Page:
Gorbachev Calls Stalin Crimes ‘Unforgivable’ : But He Praises Decisions to Collectivize Farms and Push for Rapid, State-Run Industrialization
Soviet leader Mikhail S. Gorbachev told the Soviet people Monday that Josef Stalin committed “enormous and unforgivable” crimes in the 1930s, and he announced that a top-level commission has been set up to investigate them and exonerate their victims.
At the same time, Gorbachev praised Stalin’s decision to collectivize farming and proceed with rapid, state-controlled industrialization despite the “excesses” and widespread suffering they caused.
Gorbachev addressed about 6,000 top party and government officials and foreign visitors in the Grand Palace of the Kremlin on the occasion of the 70th anniversary of the Bolshevik Revolution. His speech, lasting more than 2 1/2 hours, contained the harshest criticism of Stalin that Gorbachev has made since he came to power in the spring of 1985, yet they fell short of what many of his supporters expected.
The Soviet leader was greeted with enthusiastic applause as he entered the Kremlin hall with the other 12 full members of the ruling Politburo. As he spoke, he was interrupted frequently by applause, during which he occasionally sipped a glass of milk. As he enunciated his attack on Stalin, however, the applause was only polite.
In the audience were the leaders of some East Bloc and other nations, among them President Daniel Ortega of Nicaragua.
Referring to his proposals for radical reform of the Soviet economy, known in Russian as perestroika , Gorbachev said they are under increasing attack from conservatives who see them “as a threat to their selfish interests” and from “overzealous” supporters who feel that the pace of change is too slow.
On arms control, he made it clear that when he meets with President Reagan next month in Washington he will press for agreement on substantial reductions in strategic nuclear weapons and for a ban on space-based missile defenses.
In his review of Soviet history, Gorbachev appeared to be following the middle of the Communist Party’s ideological road. Some Western diplomats said he appeared to be toning down his personal views in deference to more conservative opinions in the ruling Politburo.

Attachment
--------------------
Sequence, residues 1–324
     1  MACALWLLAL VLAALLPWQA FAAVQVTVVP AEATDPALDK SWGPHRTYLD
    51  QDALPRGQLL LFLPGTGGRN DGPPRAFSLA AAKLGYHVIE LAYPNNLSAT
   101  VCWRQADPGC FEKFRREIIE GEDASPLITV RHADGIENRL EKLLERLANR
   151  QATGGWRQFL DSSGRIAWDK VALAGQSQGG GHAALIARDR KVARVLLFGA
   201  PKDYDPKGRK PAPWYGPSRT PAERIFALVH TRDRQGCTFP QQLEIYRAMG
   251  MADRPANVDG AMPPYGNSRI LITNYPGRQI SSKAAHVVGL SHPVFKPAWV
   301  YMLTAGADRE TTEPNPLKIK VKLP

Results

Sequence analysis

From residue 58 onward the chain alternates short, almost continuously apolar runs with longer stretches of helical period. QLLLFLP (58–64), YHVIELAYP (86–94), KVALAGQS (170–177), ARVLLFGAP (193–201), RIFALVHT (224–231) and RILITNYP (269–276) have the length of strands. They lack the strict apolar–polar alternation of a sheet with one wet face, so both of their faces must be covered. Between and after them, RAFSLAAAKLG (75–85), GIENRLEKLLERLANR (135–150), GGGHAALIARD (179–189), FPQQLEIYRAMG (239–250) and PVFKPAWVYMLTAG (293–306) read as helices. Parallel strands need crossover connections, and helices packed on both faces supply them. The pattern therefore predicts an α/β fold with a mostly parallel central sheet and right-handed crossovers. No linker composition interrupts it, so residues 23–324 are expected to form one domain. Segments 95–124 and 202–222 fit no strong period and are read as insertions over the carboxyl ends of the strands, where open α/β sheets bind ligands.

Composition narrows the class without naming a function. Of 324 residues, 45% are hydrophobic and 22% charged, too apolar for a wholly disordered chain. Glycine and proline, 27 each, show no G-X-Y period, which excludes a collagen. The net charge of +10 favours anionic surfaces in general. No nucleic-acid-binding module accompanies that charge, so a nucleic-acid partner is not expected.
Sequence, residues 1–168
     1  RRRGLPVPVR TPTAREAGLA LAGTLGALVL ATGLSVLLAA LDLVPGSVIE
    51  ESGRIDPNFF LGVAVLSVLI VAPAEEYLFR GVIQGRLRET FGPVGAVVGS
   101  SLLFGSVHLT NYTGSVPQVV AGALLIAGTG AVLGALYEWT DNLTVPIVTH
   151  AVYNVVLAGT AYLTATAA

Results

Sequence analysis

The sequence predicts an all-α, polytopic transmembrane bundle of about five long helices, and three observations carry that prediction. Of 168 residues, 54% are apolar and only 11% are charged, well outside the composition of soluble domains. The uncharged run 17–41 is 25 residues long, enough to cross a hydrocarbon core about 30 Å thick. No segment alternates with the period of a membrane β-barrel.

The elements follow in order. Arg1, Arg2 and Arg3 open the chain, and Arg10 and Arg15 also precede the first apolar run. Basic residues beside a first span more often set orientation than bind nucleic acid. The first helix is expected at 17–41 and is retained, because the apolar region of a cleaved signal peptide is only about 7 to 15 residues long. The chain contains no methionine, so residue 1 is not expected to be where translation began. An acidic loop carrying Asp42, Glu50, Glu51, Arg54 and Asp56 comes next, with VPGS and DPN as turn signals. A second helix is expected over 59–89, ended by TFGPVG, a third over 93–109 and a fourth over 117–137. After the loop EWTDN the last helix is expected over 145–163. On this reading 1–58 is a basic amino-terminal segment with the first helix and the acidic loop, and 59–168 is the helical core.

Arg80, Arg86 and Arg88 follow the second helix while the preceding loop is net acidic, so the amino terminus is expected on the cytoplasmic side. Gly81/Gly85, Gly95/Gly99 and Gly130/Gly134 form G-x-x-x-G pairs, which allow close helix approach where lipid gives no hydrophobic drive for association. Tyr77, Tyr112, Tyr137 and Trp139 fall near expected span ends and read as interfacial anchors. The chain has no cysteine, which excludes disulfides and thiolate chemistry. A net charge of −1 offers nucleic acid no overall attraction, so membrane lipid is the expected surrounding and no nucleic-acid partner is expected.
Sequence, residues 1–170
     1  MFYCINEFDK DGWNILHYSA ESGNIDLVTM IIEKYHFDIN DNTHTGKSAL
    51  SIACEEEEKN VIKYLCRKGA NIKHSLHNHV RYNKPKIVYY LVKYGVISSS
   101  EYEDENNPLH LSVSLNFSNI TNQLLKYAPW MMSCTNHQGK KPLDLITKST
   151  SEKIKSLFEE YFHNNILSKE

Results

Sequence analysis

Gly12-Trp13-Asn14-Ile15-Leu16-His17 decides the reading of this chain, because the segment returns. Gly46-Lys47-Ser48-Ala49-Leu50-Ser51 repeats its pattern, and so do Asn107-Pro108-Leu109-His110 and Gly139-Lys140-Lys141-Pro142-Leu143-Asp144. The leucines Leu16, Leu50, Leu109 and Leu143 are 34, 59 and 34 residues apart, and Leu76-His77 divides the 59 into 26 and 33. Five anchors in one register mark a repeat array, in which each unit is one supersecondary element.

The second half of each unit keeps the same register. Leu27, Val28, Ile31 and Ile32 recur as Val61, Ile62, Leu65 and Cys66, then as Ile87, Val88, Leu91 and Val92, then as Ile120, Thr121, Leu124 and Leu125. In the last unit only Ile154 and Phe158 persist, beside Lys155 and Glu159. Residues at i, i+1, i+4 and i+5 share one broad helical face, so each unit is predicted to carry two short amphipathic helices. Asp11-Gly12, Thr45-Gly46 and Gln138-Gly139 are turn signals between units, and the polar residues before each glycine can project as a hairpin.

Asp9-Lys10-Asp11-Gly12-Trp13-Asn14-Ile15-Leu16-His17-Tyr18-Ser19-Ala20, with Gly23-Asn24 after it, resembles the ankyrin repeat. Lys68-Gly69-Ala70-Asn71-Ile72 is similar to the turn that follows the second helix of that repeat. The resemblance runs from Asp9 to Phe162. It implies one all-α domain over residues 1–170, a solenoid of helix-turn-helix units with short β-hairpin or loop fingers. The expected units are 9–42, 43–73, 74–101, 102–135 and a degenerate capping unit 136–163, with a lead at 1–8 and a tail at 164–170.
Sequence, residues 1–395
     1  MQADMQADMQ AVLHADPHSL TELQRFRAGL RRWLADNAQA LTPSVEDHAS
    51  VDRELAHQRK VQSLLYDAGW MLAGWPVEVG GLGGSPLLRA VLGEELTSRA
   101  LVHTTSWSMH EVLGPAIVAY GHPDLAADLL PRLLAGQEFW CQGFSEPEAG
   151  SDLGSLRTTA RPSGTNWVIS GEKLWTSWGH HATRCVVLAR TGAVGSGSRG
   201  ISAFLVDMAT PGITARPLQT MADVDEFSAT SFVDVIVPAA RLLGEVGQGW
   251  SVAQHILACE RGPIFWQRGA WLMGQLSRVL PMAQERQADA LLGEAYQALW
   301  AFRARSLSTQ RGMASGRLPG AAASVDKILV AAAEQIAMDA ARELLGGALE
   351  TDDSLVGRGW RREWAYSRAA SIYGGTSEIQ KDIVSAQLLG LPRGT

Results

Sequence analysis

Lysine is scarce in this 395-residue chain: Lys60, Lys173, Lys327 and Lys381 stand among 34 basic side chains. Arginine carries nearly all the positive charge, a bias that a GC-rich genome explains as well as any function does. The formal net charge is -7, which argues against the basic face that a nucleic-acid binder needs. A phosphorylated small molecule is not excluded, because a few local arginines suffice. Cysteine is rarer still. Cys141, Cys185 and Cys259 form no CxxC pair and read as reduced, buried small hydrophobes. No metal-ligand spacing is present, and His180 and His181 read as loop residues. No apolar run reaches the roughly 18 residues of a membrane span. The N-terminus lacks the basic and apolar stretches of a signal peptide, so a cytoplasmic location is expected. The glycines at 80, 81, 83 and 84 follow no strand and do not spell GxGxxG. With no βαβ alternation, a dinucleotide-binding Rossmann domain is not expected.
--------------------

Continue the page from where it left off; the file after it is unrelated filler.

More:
For example, although he condemned Stalin for “wanton repressive measures,” he made no reference to the fact that millions of Stalin’s victims were executed or died in labor camps. He spoke only of the “many thousands” of Stalin’s victims.
His speech, broadcast throughout the Soviet Union and to its East Bloc allies, provided fewer details of Stalin’s crimes than have appeared recently in Soviet newspapers and magazines operating under his new rule of glasnost , or public openness.
“There is now much discussion about the role of Stalin in our history,” Gorbachev said. “He was an extremely contradictory personality. To remain faithful to historical truth, we have to see both Stalin’s incontestable contribution to the struggle for socialism . . . and the abuses committed by him and those around him, for which our people paid a heavy price and which had grave consequences for the life of our society.”
Gorbachev said there is documentary proof that Stalin was aware of the crimes.
“The guilt of Stalin and his immediate entourage before the party and the people for the wholesale repressive measures and acts of lawlessness is enormous and unforgivable,” Gorbachev said. “This is a lesson for all generations. We now know that the political accusations and repressive measures against a number of party leaders and statesmen, against many Communists and non-party people, against economic executives and military men, against scientists and cultural personalities, were a result of deliberate falsification.”
Pretext for Resettlement
He cited for the first time the “doctors’ plot” of 1952 in which Kremlin doctors, many of them Jewish, were arrested on charges of trying to kill Stalin. Historians have said the charges were intended to be used as a pretext for large-scale resettlement of Jews to Siberia. In his speech, Gorbachev said the case against the doctors was “fabricated.”
Gorbachev spoke of the formerly unmentionable Nikita S. Khrushchev, the Soviet leader who delivered the famous “secret speech” at the 20th party congress in 1956 accusing Stalin of being a tyrant.
‘No Small Courage’
“It required no small courage by the party and its leadership, headed by Nikita Khrushchev, to criticize the personality cult and its consequences, and to re-establish socialist legality,” Gorbachev said.